tail()

Just as the .head() operation shows the first few rows of the data, in a similar way the .tail() operation shows the last few rows of the data. By default, .tail() also shows the last 5 rows. We can also modify the function to display the required number of rows from the end by passing that number as a parameter to this function. For example, df.head(4) would show the last 4 rows of the data.

df.tail(2)

For the above student record, it will give output as:

Name Age Marks
8 Amy 12 71.0
9 Tina 14 63.5

info()

The .info() operation gives a quick summary of the dataset.

For example,

df.info()

For the above student record, it will give output as:

<class ‘pandas.core.frame.DataFrame’>
RangeIndex: 10 entries, 0 to 9
Data columns (total 3 columns):
Name 10 non-null object
Age 10 non-null int64
Marks 10 non-null float64
dtypes: float64(1), int64(1), object(1)
memory usage: 320.0+ bytes
None

pandas.core.frame.DataFrame gives the information that the data type of the df variable is DataFrame. Data columns shows the number of columns and RangeIndex gives the total entries in the dataset. The info shows data type and null values of various columns. It also gives information on memory usage.

shape

The shape() operation is used to analyze the shape of the dataset, i.e., how many rows and columns are present in the dataset.

For example for the above student_record dataset,

df.shape

The output will be

(10, 3)

Here we can see that the dataset has 10 rows and 3 columns.

This operation is significantly helpful in creating Machine Learning and Data Science models, in cases where we need to gauze the exact dimensions of the data available to us.

dtypes

The .dtypes operation gives a view of the type of data contained in each column.

For example,

df.dtypes

This will produce the following result:

Name object
Age int64
Marks float64
dtype: object

value_counts()

The DataFrame.value_counts() operation returns a series that contains counts of unique rows in the DataFrame.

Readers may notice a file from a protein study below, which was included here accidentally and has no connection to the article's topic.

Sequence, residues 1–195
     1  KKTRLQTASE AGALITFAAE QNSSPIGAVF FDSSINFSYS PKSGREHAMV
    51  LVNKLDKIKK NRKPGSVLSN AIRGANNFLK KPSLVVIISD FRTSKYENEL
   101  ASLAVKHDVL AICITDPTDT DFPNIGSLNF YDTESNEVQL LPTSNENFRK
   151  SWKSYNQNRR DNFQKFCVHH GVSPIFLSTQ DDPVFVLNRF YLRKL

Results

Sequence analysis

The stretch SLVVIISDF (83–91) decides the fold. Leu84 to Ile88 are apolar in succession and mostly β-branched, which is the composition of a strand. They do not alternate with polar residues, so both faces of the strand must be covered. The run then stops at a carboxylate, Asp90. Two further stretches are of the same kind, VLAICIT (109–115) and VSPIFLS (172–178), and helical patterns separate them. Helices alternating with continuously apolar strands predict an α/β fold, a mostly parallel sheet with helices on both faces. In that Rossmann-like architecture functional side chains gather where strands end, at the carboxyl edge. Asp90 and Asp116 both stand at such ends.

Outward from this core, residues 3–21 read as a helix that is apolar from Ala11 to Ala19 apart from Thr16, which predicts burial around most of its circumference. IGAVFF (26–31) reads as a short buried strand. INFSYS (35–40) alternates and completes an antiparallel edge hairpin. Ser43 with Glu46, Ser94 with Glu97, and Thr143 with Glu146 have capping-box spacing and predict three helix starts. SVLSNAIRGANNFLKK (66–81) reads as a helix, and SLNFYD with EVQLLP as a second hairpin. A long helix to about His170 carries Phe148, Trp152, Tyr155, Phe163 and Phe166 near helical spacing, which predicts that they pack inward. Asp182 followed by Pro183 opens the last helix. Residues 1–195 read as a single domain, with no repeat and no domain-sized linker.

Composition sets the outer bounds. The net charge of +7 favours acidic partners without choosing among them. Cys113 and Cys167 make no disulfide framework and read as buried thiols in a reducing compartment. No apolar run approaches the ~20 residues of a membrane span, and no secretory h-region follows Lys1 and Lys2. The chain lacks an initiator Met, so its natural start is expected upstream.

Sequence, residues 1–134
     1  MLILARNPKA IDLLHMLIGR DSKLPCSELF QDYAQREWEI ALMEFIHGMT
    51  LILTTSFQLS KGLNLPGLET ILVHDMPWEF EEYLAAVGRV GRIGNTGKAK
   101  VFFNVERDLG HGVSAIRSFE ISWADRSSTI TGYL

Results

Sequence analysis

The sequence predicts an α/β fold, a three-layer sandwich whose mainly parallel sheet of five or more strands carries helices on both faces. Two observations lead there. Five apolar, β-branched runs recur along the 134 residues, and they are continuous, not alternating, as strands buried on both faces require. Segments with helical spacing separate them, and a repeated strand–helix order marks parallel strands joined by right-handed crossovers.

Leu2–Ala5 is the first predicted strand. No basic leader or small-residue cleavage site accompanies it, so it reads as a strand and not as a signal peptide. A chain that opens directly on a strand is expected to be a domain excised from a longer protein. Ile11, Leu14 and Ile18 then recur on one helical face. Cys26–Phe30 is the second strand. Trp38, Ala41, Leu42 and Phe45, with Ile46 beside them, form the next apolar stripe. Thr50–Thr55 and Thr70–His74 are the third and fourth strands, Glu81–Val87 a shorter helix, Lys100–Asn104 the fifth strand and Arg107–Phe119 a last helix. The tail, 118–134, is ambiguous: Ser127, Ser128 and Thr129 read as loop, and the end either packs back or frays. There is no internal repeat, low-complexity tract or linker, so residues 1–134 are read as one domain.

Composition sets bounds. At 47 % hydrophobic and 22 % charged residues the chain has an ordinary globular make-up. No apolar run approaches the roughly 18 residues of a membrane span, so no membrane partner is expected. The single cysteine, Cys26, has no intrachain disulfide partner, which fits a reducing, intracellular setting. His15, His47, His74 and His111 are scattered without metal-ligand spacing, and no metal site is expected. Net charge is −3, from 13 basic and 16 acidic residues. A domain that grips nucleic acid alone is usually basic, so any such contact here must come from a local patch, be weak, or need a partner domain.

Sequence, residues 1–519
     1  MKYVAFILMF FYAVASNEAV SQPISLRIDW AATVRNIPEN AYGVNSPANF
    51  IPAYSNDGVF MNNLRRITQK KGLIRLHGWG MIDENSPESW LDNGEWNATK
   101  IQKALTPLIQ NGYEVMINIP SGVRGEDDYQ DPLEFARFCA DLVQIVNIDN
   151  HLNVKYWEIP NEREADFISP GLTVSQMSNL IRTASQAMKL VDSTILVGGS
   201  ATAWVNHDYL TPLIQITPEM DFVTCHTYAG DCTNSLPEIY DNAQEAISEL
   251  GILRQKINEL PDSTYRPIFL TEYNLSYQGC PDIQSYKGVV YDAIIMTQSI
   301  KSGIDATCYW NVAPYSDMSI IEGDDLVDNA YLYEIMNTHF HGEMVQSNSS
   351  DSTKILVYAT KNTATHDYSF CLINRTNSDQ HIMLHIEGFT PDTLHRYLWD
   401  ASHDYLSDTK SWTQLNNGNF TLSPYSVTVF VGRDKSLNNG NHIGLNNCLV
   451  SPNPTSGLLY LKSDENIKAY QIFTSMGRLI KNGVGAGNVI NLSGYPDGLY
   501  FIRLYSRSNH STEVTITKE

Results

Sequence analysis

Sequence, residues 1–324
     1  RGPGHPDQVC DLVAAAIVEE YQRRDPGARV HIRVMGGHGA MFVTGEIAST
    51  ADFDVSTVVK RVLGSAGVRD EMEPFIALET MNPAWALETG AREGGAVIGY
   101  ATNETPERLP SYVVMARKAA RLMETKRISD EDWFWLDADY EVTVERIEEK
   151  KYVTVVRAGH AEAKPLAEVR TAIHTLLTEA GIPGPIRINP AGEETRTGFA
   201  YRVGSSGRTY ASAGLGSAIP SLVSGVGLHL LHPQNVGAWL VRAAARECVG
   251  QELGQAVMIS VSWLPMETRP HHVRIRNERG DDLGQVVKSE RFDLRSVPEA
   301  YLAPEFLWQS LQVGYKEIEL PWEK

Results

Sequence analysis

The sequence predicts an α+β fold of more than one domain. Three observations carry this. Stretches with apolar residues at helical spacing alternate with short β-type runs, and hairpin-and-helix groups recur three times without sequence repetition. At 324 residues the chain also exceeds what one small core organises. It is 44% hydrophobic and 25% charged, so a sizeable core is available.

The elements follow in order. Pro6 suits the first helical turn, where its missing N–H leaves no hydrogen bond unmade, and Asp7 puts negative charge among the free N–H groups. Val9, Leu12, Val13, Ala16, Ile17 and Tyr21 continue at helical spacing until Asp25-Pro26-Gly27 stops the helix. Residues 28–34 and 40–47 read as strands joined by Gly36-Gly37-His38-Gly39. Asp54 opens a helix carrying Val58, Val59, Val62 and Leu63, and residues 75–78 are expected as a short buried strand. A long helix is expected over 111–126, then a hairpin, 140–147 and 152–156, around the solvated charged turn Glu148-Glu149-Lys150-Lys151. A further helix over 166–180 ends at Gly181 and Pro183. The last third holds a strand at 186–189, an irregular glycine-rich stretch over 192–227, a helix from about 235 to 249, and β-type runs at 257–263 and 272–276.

The syntax is:

DataFrame.value_counts(subset, normalize, sort, ascending)

The parameters are:

  • subset : (list)contains columns to be used when counting unique combination of records
  • normalize : (bool) returns properties instead of returning frequencies of combinations (default value: False)
  • sort : (bool) whether to sort by frequencies (default value: True)
  • ascending : (bool) whether to sort in ascending order (default value: False)

For example,

import pandas as pd

df = pd.DataFrame({‘Physics’: [82, 64, 64, 96],
‘Chemistry’: [82, 70, 70, 70]},
index=[‘John’, ‘Maria’, ‘Tom’, ‘Amy’])

print(df.value_counts())

Output is:

Physics Chemistry
64 70 2
96 70 1
82 82 1
dtype: int64

The Series.value_counts() is an equivalent operation on Series that returns a series containing counts of unique values. The output is in descending order showing the most frequent values first.

Its syntax is:

Series.value_counts(normalize, sort, ascending, bins, dropna)

The parameters are:

  • normalize : (bool) returned value will contain the relative frequencies of the unique values if set true. (default value: False)
  • sort : (bool) sort by frequencies (default value: True)
  • ascending : (bool) sort in ascending order (default value: False)
  • bins : (integer) for numeric data, group values into half-open bins rather than counting bins
  • dropna : (bool) exclude NaN counts (default value: True)

For example,

import pandas as pd

series = pd.Series([94, 71, 87, 36, 94, 55])
print(series.value_counts())

This will produce the following output:

94 2
71 1
55 1
36 1
87 1
dtype: int64

Summary

In this article, we looked at some basic operations of Pandas. In the next one, we will focus more on Data manipulation techniques and other operations.